Biophilia Center Fundraiser



Pizza by the Sea will be having a fundraiser October 14th. When you place your order at either Watercolor or Gulf Place locations just say “BIOPHILIA” and we will donate 20% of your order total to South Walton’s E. O. Wilson Biophilia center.

The center is planning on bringing a few of their animals to our Gulf Place location so bring the kids. More information on this to follow.


If you are unfamiliar with the center here is a little information about them from their website’s FAQ page:


Who are we?

We are the E.O. Wilson Biophilia Center, a 501(c)(3) environmental education center.

The Biophilia Center educates, on average, 100 students a day in fourth and seventh grades, Monday through Friday. Students visit the Center FREE of CHARGE for either two or four day programs that are filled with over twenty different environmental science lessons.

What is our Mission:

The core mission of the E.O.Wilson Biophilia Center is to educate students and visitors on the importance of biodiversity, to promote sustainability, and to encourage conservation, preservation, and restoration of ecosystems.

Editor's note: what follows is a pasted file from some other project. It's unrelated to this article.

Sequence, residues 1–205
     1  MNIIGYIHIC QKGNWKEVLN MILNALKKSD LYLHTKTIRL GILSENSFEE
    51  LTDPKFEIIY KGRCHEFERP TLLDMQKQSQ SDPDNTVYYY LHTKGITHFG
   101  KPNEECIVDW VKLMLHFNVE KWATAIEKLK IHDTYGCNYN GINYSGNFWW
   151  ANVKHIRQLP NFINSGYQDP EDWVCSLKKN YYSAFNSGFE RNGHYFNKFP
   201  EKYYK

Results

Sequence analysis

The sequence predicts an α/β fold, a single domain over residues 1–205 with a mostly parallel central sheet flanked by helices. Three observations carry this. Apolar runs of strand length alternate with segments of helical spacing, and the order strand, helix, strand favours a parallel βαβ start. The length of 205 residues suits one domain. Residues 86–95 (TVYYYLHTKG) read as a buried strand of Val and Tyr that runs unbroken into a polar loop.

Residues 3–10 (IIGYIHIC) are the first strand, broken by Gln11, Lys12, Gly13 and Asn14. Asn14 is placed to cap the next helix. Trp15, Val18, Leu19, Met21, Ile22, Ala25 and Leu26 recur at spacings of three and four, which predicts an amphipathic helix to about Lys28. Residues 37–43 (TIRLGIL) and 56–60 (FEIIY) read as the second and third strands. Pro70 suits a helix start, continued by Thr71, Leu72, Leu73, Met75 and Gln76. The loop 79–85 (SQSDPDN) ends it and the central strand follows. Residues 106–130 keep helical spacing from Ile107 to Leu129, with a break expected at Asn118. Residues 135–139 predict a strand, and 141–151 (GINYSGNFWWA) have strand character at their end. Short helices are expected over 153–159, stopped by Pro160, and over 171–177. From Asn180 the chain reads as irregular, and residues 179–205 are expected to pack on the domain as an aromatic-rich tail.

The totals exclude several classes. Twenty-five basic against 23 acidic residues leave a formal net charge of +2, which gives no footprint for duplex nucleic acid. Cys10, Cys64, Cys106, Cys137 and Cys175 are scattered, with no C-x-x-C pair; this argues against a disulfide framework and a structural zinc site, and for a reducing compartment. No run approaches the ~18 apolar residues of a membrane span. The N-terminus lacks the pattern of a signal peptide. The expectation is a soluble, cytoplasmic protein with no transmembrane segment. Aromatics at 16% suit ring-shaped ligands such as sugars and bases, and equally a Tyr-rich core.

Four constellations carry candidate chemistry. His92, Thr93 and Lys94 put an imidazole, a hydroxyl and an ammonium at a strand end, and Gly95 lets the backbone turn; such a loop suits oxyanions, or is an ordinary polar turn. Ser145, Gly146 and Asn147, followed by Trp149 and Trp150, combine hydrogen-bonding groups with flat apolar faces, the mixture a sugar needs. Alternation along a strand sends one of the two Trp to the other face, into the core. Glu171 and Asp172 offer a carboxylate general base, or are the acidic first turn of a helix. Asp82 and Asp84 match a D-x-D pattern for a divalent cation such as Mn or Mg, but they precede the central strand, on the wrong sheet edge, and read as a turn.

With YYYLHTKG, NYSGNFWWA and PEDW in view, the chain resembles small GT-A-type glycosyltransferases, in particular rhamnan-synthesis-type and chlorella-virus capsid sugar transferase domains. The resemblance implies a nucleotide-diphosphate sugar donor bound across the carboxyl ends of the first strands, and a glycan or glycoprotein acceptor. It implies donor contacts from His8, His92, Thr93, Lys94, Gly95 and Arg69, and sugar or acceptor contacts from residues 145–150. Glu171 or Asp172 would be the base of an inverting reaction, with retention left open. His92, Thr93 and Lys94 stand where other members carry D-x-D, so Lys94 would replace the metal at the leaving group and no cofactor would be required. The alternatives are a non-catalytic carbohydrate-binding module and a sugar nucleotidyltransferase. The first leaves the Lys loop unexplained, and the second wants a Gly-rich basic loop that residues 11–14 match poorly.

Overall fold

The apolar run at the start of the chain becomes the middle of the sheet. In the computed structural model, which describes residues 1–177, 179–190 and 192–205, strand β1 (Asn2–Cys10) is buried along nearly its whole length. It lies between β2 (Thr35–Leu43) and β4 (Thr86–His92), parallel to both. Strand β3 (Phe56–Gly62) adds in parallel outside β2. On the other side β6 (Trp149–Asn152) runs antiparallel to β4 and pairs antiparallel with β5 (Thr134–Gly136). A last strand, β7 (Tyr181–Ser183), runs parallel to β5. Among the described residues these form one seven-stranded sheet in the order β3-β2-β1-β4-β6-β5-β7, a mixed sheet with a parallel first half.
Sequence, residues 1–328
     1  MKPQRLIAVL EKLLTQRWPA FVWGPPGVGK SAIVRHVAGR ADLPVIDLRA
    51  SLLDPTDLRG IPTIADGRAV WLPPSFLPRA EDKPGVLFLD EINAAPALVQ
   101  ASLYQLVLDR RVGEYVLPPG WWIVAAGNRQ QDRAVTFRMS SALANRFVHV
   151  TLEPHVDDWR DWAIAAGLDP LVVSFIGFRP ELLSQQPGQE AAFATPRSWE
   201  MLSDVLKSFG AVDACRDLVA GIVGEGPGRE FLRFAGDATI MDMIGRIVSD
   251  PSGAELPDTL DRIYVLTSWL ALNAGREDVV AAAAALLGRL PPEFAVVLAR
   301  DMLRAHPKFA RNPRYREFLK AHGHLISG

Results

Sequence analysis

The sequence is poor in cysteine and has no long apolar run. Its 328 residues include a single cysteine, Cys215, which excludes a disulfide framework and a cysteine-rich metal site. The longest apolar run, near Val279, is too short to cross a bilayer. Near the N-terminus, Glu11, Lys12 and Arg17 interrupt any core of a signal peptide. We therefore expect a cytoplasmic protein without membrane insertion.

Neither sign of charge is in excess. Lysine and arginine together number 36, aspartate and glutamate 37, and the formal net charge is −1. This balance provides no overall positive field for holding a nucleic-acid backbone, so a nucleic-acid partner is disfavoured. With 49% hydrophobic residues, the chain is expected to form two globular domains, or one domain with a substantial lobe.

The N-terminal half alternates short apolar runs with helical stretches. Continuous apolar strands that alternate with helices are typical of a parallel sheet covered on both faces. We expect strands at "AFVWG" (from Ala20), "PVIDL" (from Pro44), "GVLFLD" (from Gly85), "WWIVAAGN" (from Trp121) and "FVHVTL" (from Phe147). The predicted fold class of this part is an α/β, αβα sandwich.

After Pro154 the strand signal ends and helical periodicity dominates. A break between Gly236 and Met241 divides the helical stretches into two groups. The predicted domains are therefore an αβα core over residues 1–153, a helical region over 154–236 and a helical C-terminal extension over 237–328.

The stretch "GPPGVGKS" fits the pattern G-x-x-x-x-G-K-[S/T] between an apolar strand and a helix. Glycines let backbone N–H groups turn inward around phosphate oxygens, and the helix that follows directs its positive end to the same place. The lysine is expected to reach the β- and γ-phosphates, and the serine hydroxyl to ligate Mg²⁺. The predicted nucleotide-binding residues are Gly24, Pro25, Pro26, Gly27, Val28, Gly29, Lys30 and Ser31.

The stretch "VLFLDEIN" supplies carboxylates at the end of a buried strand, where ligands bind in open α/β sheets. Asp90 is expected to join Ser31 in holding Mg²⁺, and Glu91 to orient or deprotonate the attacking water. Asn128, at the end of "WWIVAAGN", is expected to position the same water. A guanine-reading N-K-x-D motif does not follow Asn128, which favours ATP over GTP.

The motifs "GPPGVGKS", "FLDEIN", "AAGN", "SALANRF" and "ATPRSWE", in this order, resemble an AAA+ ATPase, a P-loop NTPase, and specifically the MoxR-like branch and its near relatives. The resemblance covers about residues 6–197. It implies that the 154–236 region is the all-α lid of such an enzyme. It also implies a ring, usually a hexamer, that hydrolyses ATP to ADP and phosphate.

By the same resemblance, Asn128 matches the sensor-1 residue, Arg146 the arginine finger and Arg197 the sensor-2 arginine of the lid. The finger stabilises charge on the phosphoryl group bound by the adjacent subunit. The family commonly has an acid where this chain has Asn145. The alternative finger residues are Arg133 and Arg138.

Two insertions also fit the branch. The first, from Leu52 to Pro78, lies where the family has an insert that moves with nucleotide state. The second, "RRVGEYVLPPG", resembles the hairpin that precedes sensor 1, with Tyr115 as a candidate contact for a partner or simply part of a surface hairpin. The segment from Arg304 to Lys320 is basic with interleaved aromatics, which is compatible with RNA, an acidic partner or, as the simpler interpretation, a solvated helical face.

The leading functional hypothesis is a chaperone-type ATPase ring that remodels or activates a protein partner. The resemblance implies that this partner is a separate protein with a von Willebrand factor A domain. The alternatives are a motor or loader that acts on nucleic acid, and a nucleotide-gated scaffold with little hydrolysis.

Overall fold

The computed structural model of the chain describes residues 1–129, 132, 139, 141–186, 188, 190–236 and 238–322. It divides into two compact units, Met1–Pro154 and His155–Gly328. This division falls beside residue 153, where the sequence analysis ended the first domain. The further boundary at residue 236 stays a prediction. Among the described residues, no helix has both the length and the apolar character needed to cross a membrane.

Who started the Center?:

Walton County conservationist and resident, M.C. Davis developed the E.O.Wilson Biophilia Center in 2009 on his 50,000 acre conservation land, Nokuse Plantation. The Center is named after and Davis dedicated to world renowned scientist Dr. Edward O. Wilson, who has made his life-long mission to educate the public about the importance of conserving the world’s biodiversity. Dr. Wilson developed the term “biophilia” which literally means “the love of all living things”.

Each year, the E.O. Wilson Biophilia Center educates 5,200 students in a 5 county area and averages more than 100 students every school day. In addition, we are open to the general public on select days, providing a variety of environmental presentations.


Where we Are:

Freeport, Florida:

The Center is nestled in the Longleaf Pine ecosystem, which is considered the 6th most biodiverse area in the continental U.S. and less than 2% of it remains intact today. As such, it is the perfect place to educate students on the importance of biodiversity and to encourage conservation, preservation and restoration.


You can find out more about the center by visiting their website:



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